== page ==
Anorexia Research: Meditation effective in reducing suffering for patients
Kyoto [Japan]: Unfortunately, many family members, acquaintances, and celebrities have suffered from anorexia nervosa, or AN, a severe mental condition characterised by excessive worries about weight, form, and self-esteem.
An eating disorder, dietary restriction, purposeful vomiting, and acute emaciation are all symptoms of AN. Mindfulness meditation has already become a widely accepted treatment for AN. Its usefulness in clinically treating neurogenic emaciation, on the other hand, had not before been investigated.
Mindfulness meditation, according to a team of researchers at Kyoto University's Graduate School of Medicine, does alleviate such worries.
The study's findings demonstrate alterations in the activity of brain areas associated with anxiety.
The team's mindfulness meditation program has seen a significant decrease in obsessive thoughts about the test subject's self-image and brain activity associated with related emotions. "Our results suggest that the participants in the study became better at accepting their anxiety as it is," says lead author Tomomi Noda.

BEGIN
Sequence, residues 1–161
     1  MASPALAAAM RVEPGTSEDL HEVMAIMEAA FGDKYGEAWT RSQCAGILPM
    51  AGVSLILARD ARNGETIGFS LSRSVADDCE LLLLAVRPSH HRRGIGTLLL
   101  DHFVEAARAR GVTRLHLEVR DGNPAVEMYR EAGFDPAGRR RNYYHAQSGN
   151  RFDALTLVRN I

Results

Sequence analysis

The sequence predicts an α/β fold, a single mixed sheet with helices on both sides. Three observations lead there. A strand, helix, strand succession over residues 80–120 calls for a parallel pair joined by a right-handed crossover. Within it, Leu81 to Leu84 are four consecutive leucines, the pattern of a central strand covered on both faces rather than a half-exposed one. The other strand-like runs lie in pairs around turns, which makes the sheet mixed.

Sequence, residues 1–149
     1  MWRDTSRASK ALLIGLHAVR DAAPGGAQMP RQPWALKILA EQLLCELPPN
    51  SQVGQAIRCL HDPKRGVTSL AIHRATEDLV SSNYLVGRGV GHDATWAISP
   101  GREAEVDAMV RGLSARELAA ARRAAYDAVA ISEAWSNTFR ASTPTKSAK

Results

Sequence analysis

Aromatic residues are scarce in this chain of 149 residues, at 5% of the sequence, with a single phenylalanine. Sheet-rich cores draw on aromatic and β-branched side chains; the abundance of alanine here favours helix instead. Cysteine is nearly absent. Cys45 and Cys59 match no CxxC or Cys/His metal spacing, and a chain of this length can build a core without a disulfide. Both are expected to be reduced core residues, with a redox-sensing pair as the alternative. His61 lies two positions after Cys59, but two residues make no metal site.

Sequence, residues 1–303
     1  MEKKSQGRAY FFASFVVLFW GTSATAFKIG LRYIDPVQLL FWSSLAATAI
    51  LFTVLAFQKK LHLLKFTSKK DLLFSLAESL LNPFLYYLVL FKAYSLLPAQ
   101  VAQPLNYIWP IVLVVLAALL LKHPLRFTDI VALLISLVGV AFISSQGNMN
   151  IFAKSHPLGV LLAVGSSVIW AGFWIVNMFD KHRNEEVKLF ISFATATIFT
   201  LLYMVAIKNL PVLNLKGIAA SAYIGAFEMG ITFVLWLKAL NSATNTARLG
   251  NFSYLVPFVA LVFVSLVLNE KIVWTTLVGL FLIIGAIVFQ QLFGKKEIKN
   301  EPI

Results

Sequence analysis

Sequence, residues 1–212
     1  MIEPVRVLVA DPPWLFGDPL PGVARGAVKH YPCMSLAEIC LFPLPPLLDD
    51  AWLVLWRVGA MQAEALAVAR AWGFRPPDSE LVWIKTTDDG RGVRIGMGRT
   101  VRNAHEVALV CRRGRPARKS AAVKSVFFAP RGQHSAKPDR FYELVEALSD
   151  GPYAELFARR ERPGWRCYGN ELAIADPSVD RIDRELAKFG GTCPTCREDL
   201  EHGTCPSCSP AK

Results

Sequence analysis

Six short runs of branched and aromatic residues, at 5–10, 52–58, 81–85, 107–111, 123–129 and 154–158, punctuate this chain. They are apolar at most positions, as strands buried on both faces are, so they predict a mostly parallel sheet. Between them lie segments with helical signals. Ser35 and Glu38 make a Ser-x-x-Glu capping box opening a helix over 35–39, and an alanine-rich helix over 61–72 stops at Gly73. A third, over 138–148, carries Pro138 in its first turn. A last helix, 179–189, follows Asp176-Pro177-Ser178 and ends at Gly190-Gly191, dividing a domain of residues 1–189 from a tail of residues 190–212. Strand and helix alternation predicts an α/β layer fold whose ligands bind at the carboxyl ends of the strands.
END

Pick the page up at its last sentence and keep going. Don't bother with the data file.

Mindfulness and meditation work hand-in-hand. The former teaches practitioners to hone their awareness of their present experience and their ability to not judge and rather accept their circumstances. The latter is the medium by which mindfulness can be approached.
"We focused on the possibility that patients with AN try to avoid their crippling anxiety about weight gain and self-image by restricting food or vomiting," adds co-author Masanori Isobe.
A 4-week mindfulness intervention program examined neural changes using tasks designed to induce weight-related anxiety. The researchers then regulated this anxiety by helping patients accept their current situations and experiences at face value, instead of avoiding them.
The researchers used functional magnetic resonance imaging -- or fMRI -- to analyze attention regulation in relation to eating disorders. The study's results support the subjective experiences of the researchers.
However, it was unexpected to them that several global events, such as the Covid-19 pandemic and the Russo-Ukrainian war, were significant factors in patients' anxieties. "We anticipate practical implications of our results in clinical psychiatry and psychology and broader research into mitigating suffering through mindfulness, using the strategy of self-acceptance to regulate attention," concludes group leader Toshiya Murai.